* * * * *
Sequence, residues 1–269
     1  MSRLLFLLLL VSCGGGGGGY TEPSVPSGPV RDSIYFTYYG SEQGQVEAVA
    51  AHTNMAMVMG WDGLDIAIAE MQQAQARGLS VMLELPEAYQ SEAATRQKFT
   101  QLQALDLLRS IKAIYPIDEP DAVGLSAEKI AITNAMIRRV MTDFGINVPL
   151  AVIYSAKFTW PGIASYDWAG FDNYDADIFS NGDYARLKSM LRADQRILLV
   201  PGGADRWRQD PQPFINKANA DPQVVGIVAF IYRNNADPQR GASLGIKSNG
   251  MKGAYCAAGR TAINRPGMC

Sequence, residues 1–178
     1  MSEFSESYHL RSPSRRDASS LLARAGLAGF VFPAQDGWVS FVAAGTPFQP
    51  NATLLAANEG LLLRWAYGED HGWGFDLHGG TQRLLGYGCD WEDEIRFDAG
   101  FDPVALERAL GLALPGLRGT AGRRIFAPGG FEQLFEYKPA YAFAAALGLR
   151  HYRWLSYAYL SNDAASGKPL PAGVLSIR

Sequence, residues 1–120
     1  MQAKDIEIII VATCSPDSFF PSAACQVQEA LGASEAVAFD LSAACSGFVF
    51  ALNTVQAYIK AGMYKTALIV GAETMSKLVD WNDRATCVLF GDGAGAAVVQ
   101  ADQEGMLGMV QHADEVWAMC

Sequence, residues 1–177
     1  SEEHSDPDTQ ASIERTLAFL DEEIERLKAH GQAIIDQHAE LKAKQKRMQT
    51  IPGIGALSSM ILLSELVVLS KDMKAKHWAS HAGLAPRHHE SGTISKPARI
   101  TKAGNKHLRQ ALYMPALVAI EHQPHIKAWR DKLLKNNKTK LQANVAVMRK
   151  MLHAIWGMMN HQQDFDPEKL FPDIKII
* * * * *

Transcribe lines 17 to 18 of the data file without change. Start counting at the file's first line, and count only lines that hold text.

Sequence, residues 1–177
     1  SEEHSDPDTQ ASIERTLAFL DEEIERLKAH GQAIIDQHAE LKAKQKRMQT